It also means, however, that you need to be good at figuring out who you can and can’t trust.
Now, to be clear most of the people you meet on the road aren’t bad – in fact, you meet plenty of absolute angels. The thing is, not all of them are good either. There are a few rotten apples out there and they can turn the whole barrel rotten.
To re-appropriate a common saying, you’ve got to be able to tell the diamonds from the rough. Because if you can’t separate the good from the bad, then the bad will gladly separate you from your money.
Want to know more about how to prevent that? I explain that in the post how not to get robbed while abroad.
9. You have to self-motivate
Sometimes life kicks you in the teeth. The life of a traveling writer can be hard – much harder than many of the websites let on. The question is, how do you react to life’s boots? If you’re one of those people who depends on other people to pick them up again, it’s going to be hard as a traveling freelancer.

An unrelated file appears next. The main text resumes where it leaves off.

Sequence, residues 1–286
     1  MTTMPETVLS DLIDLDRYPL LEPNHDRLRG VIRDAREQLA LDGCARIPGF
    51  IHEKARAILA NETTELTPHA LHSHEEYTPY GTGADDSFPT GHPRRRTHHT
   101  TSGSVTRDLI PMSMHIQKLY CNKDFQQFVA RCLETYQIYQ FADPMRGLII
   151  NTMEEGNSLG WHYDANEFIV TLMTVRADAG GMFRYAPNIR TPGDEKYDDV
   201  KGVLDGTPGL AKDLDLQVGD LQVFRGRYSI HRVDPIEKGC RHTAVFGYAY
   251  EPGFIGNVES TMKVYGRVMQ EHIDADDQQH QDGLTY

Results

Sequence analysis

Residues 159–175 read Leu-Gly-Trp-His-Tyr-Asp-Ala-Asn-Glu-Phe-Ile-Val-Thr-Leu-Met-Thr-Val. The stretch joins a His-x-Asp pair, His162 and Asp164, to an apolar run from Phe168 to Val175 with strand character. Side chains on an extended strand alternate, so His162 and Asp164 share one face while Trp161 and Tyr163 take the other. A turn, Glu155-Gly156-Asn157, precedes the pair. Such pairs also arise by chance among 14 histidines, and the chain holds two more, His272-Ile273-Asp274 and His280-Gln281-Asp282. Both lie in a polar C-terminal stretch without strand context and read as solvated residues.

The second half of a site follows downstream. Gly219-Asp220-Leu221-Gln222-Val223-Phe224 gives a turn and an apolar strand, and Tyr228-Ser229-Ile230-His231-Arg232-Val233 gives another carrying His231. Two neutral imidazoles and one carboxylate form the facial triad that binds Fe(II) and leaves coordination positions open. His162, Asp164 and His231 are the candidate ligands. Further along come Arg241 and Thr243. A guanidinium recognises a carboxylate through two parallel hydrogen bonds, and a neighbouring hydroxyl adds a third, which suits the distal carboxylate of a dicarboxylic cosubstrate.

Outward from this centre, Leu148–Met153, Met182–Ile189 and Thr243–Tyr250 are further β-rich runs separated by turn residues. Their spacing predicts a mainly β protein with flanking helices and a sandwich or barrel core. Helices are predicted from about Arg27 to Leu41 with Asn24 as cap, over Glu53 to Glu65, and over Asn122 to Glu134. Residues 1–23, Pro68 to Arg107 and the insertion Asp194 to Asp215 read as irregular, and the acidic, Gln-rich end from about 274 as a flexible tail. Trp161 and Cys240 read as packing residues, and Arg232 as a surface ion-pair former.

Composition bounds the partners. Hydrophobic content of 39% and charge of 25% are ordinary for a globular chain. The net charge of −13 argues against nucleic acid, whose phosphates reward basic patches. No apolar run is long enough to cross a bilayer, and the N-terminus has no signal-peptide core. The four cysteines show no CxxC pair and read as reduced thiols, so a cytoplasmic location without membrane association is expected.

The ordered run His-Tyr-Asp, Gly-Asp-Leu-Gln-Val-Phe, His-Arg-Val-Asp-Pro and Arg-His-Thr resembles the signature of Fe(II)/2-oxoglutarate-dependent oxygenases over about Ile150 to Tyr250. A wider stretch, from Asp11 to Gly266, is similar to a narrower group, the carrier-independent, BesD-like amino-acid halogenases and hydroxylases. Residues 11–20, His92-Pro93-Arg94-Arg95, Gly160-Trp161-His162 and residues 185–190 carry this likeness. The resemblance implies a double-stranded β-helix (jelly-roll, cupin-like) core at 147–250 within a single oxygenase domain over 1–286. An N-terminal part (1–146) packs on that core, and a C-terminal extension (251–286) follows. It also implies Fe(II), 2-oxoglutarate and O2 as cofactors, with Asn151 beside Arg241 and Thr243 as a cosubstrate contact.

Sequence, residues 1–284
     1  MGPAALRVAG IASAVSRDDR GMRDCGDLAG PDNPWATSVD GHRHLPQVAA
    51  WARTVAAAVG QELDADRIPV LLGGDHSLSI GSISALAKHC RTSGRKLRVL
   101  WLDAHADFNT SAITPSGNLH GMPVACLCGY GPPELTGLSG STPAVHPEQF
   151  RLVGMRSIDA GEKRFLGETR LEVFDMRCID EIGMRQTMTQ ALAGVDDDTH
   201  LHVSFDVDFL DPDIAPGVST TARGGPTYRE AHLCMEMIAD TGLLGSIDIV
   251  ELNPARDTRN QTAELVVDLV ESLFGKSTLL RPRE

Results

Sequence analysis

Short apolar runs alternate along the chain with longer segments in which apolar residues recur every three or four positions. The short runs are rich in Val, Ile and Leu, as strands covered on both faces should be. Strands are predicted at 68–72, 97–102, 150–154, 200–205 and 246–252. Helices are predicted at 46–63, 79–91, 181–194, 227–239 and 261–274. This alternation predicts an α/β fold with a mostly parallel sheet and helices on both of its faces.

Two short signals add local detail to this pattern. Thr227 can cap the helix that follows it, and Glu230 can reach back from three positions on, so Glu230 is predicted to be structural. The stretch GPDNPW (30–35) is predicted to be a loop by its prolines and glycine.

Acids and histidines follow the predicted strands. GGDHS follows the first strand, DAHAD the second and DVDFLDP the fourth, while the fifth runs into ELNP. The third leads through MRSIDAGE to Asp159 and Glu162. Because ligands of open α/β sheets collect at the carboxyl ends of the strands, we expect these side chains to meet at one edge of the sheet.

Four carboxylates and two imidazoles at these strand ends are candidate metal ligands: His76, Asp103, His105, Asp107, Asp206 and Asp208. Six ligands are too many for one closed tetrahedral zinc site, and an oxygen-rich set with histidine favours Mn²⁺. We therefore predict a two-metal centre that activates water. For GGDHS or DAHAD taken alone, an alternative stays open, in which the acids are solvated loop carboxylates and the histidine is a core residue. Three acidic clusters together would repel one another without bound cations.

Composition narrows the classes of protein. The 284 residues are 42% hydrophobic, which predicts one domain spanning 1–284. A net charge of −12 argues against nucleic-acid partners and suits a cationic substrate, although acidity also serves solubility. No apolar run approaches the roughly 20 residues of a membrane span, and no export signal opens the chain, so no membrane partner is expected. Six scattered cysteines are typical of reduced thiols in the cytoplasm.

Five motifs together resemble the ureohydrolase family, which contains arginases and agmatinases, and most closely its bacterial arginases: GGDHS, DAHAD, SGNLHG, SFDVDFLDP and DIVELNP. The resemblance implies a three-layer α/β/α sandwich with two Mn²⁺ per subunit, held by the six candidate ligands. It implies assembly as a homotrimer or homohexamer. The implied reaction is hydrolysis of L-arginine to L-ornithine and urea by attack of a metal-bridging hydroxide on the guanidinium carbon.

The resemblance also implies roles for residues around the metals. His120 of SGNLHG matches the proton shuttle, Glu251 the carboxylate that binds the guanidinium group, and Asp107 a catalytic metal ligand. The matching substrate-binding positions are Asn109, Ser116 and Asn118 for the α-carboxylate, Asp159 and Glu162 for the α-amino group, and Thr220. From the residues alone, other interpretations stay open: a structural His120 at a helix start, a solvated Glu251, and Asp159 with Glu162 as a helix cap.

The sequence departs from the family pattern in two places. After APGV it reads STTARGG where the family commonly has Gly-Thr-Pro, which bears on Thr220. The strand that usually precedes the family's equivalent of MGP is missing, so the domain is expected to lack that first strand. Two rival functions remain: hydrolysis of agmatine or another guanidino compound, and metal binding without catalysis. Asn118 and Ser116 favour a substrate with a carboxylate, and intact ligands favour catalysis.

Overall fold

Friendships come and go on the road. Sometimes you’re going to be around people who can help you back on your feet when things go sideways. Sometimes you’re not.
Then you’ve got to be able to do it all on your own. So make sure you can, so that you can stay productive.
10. Are technologically literate
When you’re out in the middle of the jungle and your laptop dies, you’re going to have to at least have some rudimentary technological abilities. It really is quite vital if you’re trying to freelance from the road, as your equipment is your gateway to everything – your work, your family, your friends, your research and your finances.
The better you are with technology, the better off you’ll be.
Similarly, you have to make certain you know your way around the internet. All the information is out there, but that isn’t much use to you if you don’t know how to get to it, or don’t know how to separate the knowledge from the nonsense. So make certain you are internet savvy.
11. You can maintain long-distance relationships